By Jason F. Brennan & Peter Jaworski

Markets without Limits; Moral Virtues and Commercial Interests
Editions:Paperback: £ 25.00
ISBN: 9780415737357
Pages: 240
Hardcover: £ 84.00
ISBN: 9780415737340
Pages: 240
ePub: £ 15.50
ISBN: 9781315818085
Pages: 240

May you sell your vote? May you sell your kidney? May gay men pay surrogates to bear them children? May spouses pay each other to watch the kids, do the dishes, or have sex? Should we allow the rich to genetically engineer gifted, beautiful children? Should we allow betting markets on terrorist attacks and natural disasters? Most people shudder at the thought. To put some goods and services for sale offends human dignity. If everything is commodified, then nothing is sacred. The market corrodes our character. Or so most people say.

In Markets without Limits, Jason Brennan and Peter Jaworski give markets a fair hearing. The market does not introduce wrongness where there was not any previously. Thus, the authors claim, the question of what rightfully may be bought and sold has a simple answer: if you may do it for free, you may do it for money. Contrary to the conservative consensus, they claim there are no inherent limits to what can be bought and sold, but only restrictions on how we buy and sell.

Reviews:J. Alden Stout & Amy Carothers on Erasmus Journal for Philosophy and Economics wrote:

"As a whole, Markets without Limits is an insightful book defending commodification, and will no doubt be cited for years to come in regards to the anti-commodification debate. The authors present each anti-commodification objection justly, impartially, and thoroughly. Their responses are exceptionally coherent, clear, and concise (often even with a sprinkling of humor!). Although there are most certainly objections to be raised about the relevance of trivial possible market scenarios to the reality of actual markets, Markets without Limits is a skillful defense of commodification, set forth in a manner that is accessible to veteran philosophers and novices and students alike."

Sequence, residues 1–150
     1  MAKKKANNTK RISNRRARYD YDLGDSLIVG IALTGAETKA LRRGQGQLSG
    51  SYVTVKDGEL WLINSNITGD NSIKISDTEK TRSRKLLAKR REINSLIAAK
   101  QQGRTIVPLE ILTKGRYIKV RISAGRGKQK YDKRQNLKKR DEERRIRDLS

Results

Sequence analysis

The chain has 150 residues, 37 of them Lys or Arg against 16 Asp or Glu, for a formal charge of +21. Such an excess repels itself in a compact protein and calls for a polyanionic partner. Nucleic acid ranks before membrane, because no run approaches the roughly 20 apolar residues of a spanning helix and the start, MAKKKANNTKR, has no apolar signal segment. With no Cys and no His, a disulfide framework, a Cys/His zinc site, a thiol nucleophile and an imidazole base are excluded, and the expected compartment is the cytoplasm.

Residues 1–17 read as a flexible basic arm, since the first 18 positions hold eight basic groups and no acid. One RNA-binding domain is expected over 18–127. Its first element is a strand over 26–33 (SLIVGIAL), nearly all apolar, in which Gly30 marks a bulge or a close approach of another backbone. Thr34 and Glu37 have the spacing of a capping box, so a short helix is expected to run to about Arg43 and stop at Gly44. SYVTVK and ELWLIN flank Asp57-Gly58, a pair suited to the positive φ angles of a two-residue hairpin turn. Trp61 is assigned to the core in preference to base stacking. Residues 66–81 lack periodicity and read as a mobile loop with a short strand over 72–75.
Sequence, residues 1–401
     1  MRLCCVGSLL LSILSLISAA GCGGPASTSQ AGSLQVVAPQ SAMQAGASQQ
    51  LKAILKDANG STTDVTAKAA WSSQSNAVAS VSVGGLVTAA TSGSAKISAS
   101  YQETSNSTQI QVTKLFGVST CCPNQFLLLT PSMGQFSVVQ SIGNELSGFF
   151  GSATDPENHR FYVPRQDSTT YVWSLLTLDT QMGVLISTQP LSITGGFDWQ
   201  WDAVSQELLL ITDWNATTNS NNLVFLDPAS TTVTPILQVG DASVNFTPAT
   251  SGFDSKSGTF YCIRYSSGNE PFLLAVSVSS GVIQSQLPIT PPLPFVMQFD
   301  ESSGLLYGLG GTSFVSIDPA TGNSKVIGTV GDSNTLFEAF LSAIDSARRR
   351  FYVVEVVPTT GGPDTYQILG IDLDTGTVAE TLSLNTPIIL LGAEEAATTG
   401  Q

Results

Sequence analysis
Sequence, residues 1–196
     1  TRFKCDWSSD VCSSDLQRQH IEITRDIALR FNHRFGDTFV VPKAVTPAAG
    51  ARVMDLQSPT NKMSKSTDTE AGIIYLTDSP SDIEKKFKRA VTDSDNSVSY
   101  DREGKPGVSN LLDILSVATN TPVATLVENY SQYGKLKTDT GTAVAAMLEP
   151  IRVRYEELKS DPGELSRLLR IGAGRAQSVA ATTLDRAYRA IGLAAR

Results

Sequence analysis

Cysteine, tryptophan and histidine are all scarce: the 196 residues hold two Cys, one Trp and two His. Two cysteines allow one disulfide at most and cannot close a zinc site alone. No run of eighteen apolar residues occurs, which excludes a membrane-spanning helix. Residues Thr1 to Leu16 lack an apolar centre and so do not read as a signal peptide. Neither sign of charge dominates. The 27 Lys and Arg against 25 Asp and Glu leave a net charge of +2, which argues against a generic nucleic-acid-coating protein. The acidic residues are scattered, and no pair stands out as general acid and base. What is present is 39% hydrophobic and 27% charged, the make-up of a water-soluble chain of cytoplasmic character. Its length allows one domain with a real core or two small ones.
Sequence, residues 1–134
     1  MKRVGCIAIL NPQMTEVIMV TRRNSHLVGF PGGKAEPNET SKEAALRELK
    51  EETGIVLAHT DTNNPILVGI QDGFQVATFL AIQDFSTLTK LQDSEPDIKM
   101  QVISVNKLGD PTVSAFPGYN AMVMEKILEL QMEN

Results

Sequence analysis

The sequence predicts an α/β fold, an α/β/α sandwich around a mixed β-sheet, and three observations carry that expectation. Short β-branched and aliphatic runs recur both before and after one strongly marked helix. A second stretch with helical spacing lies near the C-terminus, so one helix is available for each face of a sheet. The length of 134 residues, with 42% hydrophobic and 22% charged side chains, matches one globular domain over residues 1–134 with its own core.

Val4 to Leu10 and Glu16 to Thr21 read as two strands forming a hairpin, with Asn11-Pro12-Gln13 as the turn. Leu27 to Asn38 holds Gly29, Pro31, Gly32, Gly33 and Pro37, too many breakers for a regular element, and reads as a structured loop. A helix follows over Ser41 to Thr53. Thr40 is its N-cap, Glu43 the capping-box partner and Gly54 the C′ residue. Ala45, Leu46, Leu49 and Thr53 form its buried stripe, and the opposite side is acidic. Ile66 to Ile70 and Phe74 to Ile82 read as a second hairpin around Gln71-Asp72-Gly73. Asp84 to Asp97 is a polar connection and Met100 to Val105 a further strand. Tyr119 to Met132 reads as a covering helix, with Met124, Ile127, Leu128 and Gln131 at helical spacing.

Lamont Rodgers on Philosophy in Review wrote:

"Anti-commodification Theorists (ACTs) hold that ‘there are some things that people are normally allowed to own or possess in some way, but which should not be for sale’. In this eminently accessible text, Brennan and Jaworski aim to refute ACTs. Their fundamental thesis is that ‘if it is permissible to do X for free, then you may do X for money’. [...] Despite these minor problems, this text contains important conceptual and empirical arguments that one must confront in order to have an informed view of what effect markets do and do not have on people. In this regard, the text ends with an explanation of how ACTs might prove the authors wrong (224-25). Those who wish to take up that challenge must track and overcome the many arguments packed into this book. The text is thus a necessary read for both friends and foes of markets."

Jonathan Anomaly on Notre Dame Philosophical Reviews wrote:

"Philosophers like Michael Sandel and Gerald Cohen have argued that as markets expand into new areas of life, important character virtues wither and valuable social relationships decay. Other philosophers like Debra Satz and Elizabeth Anderson direct their criticism at specific markets ranging from sex and surrogacy to kidneys and votes (though they don't always think moral objections justify legal prohibitions). Giving away morally significant goods and services is fine, even noble, but selling them is wrong. Jason Brennan and Peter M. Jaworski's book is a welcome challenge to this view. [...] Are the gut reactions we feel when we encounter a market that makes us queasy an indicator that our queasiness is justified, for reasons we don't yet understand? Maybe so, but I doubt it. In high stakes cases like markets for organs or genetically engineered babies, we should take our cue from Brennan and Jaworski and look to the expected consequences of markets -- including regulated markets -- on human welfare as a way of gauging whether our gut reactions are a reliable indicator of whether a market is morally justified."

Jordan Ballor on Books & Culture (A Christian Review) wrote: